Expensive tastes

The President of Costa Rica, Luis Guillermo Solis, is a strong devotee of economic nationalism. One of his ideas on public policy is food sovereignty. It states that Costa Rica has to produce what it consumes, no matter how expensive it is. Thanks to this idea, Costa Rica is an expensive country and many of the same products are much cheaper not only in Mexico or other Central American countries, but also in Europe. Even more disturbing is the fact that Costa Rican products are cheaper in neighboring countries. How can we explain this? Some companies from Costa Rica, like Dos Pinos and Pipasa, are protected by high tariff barriers that shield them from foreign competition. The tax on the importation of milk, for example, is 65 percent. For some chicken parts, tariffs reach even 150 percent.

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DIGITAL We design a complex brand presence on the internet. We specialize both in creative and technological solutions. We know how to realize web design so that it is impressive and effective. We create and optimize product sites, both for brand image and e-commerce purposes, as well as complex internet services. See our projects at

TECH i n s i g h t s



Wrocław-based company Micoled is developing an original Polish project using domestically-produced components and technology for lighting that is set to revolutionize agriculture, guaranteeing the growth of plants in spite of low-light exposure. This is not the only innovative solution from the Polish manufacturer either, which has foreign expansion in its sights for the near future. >>> W B J APRIL 2018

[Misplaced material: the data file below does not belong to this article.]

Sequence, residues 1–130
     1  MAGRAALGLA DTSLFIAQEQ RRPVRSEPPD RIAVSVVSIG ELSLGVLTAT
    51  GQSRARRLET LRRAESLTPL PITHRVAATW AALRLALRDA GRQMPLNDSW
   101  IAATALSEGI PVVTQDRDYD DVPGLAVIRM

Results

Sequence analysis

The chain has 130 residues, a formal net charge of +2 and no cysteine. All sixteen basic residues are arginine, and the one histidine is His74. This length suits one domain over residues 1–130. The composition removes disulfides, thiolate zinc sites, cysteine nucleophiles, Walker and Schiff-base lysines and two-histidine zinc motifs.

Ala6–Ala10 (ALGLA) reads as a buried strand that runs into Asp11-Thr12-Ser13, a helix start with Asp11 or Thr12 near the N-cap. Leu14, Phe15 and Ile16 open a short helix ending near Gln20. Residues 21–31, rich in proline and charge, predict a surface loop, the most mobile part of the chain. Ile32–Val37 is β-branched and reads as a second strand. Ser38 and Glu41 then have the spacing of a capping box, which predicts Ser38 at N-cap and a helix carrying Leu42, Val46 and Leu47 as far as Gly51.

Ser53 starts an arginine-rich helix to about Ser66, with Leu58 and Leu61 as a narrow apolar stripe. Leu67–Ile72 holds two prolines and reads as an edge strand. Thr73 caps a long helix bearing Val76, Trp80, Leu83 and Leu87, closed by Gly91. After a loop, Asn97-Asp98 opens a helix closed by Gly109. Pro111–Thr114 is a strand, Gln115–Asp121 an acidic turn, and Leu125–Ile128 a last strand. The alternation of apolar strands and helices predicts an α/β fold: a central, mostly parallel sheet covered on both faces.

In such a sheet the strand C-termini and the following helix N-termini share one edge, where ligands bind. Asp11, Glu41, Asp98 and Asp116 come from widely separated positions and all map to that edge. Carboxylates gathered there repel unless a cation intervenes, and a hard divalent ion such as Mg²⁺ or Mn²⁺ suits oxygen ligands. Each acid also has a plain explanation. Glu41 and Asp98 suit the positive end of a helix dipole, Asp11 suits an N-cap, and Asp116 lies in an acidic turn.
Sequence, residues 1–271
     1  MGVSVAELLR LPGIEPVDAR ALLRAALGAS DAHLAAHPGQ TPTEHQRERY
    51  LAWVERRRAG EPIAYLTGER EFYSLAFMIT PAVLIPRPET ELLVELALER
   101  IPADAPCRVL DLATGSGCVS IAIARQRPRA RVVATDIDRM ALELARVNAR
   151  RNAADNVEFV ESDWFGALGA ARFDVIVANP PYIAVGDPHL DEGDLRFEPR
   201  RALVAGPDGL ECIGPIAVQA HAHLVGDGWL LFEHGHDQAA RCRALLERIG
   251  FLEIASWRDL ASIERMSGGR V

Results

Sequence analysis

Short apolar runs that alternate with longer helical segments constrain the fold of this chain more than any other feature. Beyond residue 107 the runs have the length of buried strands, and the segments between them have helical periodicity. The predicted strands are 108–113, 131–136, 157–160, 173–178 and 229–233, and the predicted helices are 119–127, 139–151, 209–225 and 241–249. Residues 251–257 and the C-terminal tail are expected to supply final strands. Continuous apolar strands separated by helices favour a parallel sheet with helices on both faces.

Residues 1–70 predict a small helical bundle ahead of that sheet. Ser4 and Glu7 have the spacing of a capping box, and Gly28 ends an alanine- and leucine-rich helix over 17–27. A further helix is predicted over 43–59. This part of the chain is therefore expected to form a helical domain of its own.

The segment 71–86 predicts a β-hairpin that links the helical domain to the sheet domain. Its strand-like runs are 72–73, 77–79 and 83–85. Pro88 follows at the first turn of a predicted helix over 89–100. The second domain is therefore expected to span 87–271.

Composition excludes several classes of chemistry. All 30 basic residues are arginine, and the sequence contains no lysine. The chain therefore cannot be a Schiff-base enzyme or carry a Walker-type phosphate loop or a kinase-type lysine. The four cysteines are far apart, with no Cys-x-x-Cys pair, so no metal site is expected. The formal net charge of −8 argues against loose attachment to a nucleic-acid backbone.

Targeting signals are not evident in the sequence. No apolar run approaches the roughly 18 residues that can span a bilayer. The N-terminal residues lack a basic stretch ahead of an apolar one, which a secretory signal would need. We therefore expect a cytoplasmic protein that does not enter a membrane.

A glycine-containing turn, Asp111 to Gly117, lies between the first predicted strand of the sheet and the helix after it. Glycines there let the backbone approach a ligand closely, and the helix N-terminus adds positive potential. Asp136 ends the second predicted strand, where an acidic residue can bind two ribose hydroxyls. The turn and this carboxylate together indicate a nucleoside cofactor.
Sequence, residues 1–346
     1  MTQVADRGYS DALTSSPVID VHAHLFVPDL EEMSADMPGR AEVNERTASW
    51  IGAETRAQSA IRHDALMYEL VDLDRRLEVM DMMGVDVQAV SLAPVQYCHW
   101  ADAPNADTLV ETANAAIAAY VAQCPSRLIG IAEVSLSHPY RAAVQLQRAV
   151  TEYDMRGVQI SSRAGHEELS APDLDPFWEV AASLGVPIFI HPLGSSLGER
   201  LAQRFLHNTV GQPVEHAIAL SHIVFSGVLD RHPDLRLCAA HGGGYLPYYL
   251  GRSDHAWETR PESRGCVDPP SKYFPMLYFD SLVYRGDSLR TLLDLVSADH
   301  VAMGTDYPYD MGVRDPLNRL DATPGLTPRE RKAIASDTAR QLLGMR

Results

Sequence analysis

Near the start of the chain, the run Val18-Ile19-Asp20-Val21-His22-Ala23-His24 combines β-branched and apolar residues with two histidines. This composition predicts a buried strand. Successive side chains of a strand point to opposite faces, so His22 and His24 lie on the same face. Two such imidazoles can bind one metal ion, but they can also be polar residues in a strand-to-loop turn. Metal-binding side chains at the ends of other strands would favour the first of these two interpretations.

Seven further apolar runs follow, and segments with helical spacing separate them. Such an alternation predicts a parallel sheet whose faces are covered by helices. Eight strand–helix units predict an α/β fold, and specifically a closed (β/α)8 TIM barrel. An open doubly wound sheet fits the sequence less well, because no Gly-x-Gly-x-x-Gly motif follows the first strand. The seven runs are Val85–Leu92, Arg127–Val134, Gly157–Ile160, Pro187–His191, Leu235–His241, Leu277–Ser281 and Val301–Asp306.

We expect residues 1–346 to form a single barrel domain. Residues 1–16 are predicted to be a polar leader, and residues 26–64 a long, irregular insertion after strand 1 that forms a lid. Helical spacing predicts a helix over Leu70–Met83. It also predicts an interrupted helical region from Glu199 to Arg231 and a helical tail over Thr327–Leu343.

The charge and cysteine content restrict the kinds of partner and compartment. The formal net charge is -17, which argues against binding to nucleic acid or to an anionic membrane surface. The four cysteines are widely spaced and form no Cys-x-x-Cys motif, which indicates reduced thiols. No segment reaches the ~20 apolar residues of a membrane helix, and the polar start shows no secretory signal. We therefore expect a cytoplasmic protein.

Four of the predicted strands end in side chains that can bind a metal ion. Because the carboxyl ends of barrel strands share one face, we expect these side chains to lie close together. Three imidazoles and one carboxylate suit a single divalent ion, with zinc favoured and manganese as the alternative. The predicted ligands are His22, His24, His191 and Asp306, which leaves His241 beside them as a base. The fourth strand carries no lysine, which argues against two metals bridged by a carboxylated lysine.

Asseco Poland working on ‘direct entry’ into US market

With eyes set on revolutionizing the crop market, Polish manufacturing firm Micoled has created a solution to substantially accelerate agricultural production when natural growing conditions become frustratingly uncooperative. Perhaps the most unpredictable and fickle element of farming is sunlight exposure, an essential element in the production of the food we put on our plates. Micoled claims its new LED lights will not only generate improved growth in low-light conditions but will also stimulate the growing process by providing the strongest light beam on the market (up to 800 watts) and reducing energy consumption by up to 65 percent, according to the head of Micoled’s R&D department, Andrzej Dziagacz. Based in Wrocław, Micoled focuses on the design and creation of specialized LED lighting; in this particular instance, supplying artificial lighting for agricultural production when natural lighting is insufficient. Built with hand-crafted precision, the lights are made from start to finish in the Lower Silesian Voivodship from parts manufactured in Poland. Micoled President Robert Woźniak explains; “This is because we want to create our own innovation, not replicate existing products. Our policy since the foundation of this company has been to stand out from other well-known solutions by controlling the process and quality of our manufactured fittings; a quality that allows our company to compete with the largest foreign manufacturers.” For the last five years, Micoled lamps have been used as modern lighting for warehouses, offices and road lights with a 20-year lifespan. The original electromagnetic supply system is also a valuable asset in places where the supply and maintenance of power lines can be extremely difficult. Micoled is now looking to venture further into the foreign market, with Arab countries looking particularly promising. They have sold over 20,000 lamps since launching five years ago, and they’re hoping to increase that number fivefold over the next five years.